Hazardous Waste Disposal: The
Double-Edged Sword of the
RCRA Land-Ban Hammers
ALEXIS A. HALLEY
U.S. public policy regarding the management of hazardous waste addresses a problem of enormous magnitude: how to dispose safely of the huge volumes of municipal and industrial solid waste (hazardous and nonhazardous) generated nationwide. Much of the waste makes its way into the environment, where it can pose a serious threat to ecological systems and public health.
There was a time when the amount of waste produced was small and its impact on the environment relatively minor—when it was supposed that a river could purify itself every ten miles. But by the end of World War II, U.S. industry was generating roughly 500,000 metric tons of hazardous waste per year. In 1974 the Environmental Protection Agency (EPA) estimated the amount to be 8.9 million metric tons; in 1985, 264 million metric tons. Since 1950 over 6 billion tons of hazardous waste have been disposed of on land. Unfortunately, the phenomenal growth in the production of waste has not always been mirrored by growth in the field of waste management.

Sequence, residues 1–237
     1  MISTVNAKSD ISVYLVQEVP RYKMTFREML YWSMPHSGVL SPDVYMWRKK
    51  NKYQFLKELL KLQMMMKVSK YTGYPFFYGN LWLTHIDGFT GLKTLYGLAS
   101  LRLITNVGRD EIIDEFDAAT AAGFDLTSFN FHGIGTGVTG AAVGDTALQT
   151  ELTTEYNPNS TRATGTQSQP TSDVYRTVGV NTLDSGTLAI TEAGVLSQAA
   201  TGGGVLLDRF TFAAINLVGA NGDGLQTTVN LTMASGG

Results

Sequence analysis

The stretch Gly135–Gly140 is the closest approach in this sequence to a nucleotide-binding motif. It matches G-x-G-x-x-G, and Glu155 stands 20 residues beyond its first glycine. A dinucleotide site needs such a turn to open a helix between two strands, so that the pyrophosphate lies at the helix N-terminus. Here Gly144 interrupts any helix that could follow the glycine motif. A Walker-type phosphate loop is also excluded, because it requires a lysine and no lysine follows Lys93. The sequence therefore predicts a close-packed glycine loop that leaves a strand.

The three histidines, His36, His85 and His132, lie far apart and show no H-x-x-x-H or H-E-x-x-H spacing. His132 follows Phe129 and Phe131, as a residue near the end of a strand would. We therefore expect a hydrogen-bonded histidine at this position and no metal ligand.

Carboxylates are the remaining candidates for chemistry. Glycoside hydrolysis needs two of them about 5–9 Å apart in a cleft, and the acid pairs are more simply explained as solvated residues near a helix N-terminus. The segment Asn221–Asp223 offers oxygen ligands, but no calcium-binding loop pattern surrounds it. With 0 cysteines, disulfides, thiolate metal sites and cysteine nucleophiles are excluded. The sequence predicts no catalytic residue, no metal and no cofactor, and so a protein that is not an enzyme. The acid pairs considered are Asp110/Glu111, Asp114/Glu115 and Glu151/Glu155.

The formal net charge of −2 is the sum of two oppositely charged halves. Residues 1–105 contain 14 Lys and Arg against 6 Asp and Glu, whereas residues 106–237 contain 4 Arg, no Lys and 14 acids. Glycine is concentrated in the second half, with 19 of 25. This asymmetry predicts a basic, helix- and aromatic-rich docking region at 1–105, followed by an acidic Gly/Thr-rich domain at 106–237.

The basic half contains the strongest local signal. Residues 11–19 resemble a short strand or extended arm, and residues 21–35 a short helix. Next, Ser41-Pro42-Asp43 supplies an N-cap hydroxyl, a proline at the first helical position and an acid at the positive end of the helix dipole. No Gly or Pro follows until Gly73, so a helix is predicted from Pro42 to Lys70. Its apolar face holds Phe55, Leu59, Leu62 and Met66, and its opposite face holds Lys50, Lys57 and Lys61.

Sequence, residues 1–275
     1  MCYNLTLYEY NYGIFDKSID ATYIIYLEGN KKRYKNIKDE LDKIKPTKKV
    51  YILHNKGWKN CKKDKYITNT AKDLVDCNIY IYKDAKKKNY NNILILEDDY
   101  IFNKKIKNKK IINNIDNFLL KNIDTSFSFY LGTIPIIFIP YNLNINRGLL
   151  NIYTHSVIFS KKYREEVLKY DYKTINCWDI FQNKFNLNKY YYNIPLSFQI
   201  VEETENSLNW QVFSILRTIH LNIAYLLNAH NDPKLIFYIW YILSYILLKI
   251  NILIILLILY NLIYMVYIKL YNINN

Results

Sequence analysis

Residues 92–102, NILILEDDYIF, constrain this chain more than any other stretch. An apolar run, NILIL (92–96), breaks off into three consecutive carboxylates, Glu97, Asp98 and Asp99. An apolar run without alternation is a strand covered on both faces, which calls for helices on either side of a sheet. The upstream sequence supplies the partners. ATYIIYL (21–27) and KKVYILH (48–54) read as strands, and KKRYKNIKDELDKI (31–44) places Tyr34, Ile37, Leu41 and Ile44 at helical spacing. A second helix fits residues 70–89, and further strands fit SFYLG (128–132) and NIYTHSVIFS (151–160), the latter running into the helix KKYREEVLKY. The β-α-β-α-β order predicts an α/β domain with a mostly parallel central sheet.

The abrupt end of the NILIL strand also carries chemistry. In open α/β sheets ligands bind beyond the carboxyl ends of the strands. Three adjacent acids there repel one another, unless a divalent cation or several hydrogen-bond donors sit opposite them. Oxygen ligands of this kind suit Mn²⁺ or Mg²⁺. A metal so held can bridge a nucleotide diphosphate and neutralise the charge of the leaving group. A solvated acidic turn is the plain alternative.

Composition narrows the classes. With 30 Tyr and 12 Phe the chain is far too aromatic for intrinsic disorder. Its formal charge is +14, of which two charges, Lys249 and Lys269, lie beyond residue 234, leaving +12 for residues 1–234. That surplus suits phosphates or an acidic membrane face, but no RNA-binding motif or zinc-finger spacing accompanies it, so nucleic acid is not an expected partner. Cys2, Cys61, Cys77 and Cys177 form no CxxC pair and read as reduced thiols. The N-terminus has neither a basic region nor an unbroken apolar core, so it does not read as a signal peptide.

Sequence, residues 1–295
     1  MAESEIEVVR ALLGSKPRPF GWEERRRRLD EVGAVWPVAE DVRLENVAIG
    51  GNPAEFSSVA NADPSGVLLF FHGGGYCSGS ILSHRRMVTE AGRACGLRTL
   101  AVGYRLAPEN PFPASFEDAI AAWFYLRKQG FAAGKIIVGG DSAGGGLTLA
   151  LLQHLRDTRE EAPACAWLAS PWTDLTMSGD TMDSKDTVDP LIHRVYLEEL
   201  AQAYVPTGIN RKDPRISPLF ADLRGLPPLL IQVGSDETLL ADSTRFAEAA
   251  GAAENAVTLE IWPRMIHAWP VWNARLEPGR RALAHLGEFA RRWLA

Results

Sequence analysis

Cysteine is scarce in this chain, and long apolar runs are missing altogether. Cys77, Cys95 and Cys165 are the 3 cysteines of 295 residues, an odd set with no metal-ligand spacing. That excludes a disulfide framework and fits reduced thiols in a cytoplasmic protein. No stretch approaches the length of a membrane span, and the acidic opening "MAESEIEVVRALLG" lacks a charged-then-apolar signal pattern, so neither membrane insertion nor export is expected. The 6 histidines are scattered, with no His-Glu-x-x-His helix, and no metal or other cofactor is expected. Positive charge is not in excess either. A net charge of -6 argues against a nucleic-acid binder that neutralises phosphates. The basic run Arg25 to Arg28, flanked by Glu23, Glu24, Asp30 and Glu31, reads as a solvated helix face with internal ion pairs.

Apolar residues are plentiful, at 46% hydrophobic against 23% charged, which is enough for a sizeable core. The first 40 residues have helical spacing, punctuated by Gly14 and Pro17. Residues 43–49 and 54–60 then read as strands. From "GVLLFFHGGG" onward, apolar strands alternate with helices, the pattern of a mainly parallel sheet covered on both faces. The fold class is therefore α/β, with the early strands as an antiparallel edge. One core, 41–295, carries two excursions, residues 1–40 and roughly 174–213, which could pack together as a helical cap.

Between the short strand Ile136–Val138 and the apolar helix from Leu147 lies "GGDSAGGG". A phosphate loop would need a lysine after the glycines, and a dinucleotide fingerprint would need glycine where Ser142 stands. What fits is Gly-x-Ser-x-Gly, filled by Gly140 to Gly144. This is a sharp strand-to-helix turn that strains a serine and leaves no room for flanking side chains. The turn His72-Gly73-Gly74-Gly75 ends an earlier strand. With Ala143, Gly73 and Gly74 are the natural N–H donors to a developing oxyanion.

In the past decade the Resource Conservation and Recovery Act (RCRA) has revolutionized the management of hazardous waste. Its impact on the nation and on protecting human health and the environment has been undeniable. This case is the story of the design and implementation of the "land-ban hammers" or land-ban restrictions in the 1984 Hazardous and Solid Waste Amendments (HSWA) to RCRA. Congressional "hammers" are a special case of the more general use of legislative deadlines as mechanisms to force compliance with statutory mandates. In basic form, the hammers examined in this case impose a legislated regulation (that is, Congress's judgment) if the agency fails to adopt alternative regulations by the deadline. 1 The land-ban hammers were the centerpiece of the HSWA legisla